With mergers and acquisitions accelerating, consider these four strategies for protecting your company.
For the rest of the June 2005 issue of CRM magazine please click here
There's no mistaking it: The CRM market is consolidating and that consolidation is not merely happening, it's accelerating.
So what is a buyer to do? Say that I'm in charge of managing the investment in CRM at a large company and I just heard that my vendor is being acquired? What if a small vendor offers the best fit and/or best value? Should I be concerned about the smaller vendor's staying power?
Following are four categories of responses that a current or prospective CRM customer can have:
What, me worry? Not surprisingly, few buyers are following this Alfred E. Neuman "strategy"--certainly, the majority of the people I've spoken to and worked with in recent months indicate that consolidation is top-of-mind.
Go hosted. If you've ever heard Marc Benioff speak to customers, one of the first things he always says is, "You can turn us off anytime you want." The main benefit that the hosted delivery model offers is massive reduction in up-front risk of both money and time. You can't turn off a multiyear, expensive, traditional implementation if it's not working, but you can under the new model. This choice removes a major impediment to CRM implementation or adoption.
Get legal protection. It is quite common to build change of control clauses into purchase contracts (it should also be noted that PeopleSoft proactively sold these clauses when Oracle announced its initial intent to acquire PeopleSoft, to prevent its sales from drying up), as well as engage in other practices like source-code escrow. These steps can protect your company financially, but they are expensive and often aren't an option for smaller enterprises.
Seek local assistance. This is the most overlooked response, but for many companies I believe the most practical. Smaller buyers are starting to recognize that it makes less sense for them to negotiate directly with national software providers, and that their local partners can provide significant value-add.
Value-added resellers and integrators can make a real difference for their customers by protecting their investments during consolidation. It can be done by carrying multiple product lines; by maintaining specific technical expertise that can be better than the manufacturers themselves offer; and through other arrangements with both the manufacturers and customers that protect investments and add value.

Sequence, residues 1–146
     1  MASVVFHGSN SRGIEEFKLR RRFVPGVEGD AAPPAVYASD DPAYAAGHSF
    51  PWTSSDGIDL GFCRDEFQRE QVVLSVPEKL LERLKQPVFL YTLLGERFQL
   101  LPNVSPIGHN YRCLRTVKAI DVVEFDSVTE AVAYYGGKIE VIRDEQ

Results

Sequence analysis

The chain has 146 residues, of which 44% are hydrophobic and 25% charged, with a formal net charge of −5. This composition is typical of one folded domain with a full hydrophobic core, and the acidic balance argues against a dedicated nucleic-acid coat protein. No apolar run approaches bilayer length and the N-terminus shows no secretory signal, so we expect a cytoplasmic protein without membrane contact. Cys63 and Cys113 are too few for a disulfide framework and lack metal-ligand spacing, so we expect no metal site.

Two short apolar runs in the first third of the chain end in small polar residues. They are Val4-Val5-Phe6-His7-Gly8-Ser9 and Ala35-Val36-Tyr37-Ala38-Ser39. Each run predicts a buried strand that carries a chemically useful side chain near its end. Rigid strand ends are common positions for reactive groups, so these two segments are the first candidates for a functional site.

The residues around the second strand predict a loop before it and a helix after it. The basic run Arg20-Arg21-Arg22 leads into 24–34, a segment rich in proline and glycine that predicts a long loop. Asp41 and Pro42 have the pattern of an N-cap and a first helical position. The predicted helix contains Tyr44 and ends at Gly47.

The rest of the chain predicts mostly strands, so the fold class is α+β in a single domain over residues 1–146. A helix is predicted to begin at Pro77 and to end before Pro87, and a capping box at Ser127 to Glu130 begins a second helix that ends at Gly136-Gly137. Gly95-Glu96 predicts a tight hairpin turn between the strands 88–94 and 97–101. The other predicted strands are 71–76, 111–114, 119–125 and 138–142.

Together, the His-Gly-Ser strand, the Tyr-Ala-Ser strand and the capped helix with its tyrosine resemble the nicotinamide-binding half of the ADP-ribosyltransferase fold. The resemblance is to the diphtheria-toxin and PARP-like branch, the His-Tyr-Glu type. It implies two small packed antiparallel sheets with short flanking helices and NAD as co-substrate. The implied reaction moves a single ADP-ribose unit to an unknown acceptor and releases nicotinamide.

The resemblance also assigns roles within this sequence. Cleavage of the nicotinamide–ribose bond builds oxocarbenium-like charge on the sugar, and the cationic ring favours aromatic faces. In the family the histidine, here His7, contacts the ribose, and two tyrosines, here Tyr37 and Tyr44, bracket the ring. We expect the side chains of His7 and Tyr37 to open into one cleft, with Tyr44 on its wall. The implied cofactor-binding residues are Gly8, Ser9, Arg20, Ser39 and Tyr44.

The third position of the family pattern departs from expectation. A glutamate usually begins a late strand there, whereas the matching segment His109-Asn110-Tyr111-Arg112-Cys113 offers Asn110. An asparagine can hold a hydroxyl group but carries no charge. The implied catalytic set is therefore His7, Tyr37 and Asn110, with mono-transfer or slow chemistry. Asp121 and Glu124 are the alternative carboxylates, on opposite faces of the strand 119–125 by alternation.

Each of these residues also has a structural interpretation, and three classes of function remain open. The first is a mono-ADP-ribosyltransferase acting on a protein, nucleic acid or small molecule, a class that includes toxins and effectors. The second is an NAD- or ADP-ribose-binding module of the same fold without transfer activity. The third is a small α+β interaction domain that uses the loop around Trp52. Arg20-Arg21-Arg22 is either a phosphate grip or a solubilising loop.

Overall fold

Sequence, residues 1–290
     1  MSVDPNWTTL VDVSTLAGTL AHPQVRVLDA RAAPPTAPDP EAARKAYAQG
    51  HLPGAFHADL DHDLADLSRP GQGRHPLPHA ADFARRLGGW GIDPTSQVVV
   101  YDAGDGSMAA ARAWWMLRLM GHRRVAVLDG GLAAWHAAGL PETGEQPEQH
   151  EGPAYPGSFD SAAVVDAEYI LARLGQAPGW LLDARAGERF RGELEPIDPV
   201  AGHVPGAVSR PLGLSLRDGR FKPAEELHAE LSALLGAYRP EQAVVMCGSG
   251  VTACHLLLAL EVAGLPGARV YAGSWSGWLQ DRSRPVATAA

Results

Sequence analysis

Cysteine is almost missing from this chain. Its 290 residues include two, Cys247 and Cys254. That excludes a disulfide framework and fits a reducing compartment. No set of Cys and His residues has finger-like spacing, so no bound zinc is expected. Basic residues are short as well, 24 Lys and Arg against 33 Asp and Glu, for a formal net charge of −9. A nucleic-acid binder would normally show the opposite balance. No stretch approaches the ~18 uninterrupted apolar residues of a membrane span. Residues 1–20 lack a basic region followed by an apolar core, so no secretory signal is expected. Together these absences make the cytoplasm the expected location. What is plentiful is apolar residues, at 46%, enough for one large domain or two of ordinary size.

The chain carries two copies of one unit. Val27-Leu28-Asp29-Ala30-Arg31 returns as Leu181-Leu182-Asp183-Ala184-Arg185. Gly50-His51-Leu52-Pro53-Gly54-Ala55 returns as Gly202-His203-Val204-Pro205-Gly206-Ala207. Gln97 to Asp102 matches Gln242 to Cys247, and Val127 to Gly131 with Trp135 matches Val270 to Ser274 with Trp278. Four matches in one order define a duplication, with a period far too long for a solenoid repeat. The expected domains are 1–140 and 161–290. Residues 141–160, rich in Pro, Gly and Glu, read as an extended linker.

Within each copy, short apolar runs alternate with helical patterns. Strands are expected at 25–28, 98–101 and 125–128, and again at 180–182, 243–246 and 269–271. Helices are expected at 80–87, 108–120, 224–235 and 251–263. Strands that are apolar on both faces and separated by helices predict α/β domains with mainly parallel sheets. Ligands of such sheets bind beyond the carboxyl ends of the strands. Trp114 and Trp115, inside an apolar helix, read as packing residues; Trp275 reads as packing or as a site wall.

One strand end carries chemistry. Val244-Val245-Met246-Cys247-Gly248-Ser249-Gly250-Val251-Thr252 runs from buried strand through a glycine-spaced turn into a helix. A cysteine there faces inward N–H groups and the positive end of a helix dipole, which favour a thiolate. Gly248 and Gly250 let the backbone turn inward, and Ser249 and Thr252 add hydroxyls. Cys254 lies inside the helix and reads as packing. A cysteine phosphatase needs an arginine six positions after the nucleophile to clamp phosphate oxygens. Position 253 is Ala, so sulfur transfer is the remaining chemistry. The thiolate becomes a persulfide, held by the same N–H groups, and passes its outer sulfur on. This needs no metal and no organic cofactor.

The end result of CRM consolidation will be the presence of no more than three to five enterprise vendors that serve the needs of the largest customers. Every deal won will be taken away from the competition, and the barriers to success for smaller vendors are extremely high given the entrenched nature of the major vendors, in particular, Oracle, SAP, and Siebel.
In the SMB market the opportunity is significantly larger, but the turmoil is also greater. Again, I believe that channel presence and relationships will be the most important asset of a small technology provider. Companies including Best Software and Microsoft have already established strong channel relationships. Those who wish to serve this market will need to scramble to catch up, or be left behind as consolidation both continues and accelerates.
Significant CRM M&A Deals
Chris Selland is a principal analyst at Covington Associates, a specialty investment banking firm. He is working on analysis of enterprise software and service market consolidation and advising clients on M&A, fundraising, and strategic issues. Chris can be reached at firstname.lastname@example.org
Sponsored By: Jacada, Avaya, Confirmit, inMoment and BoldChat
Sponsored By: Genesys, Avaya, Verint, and Aspect
Sponsored By: Informatica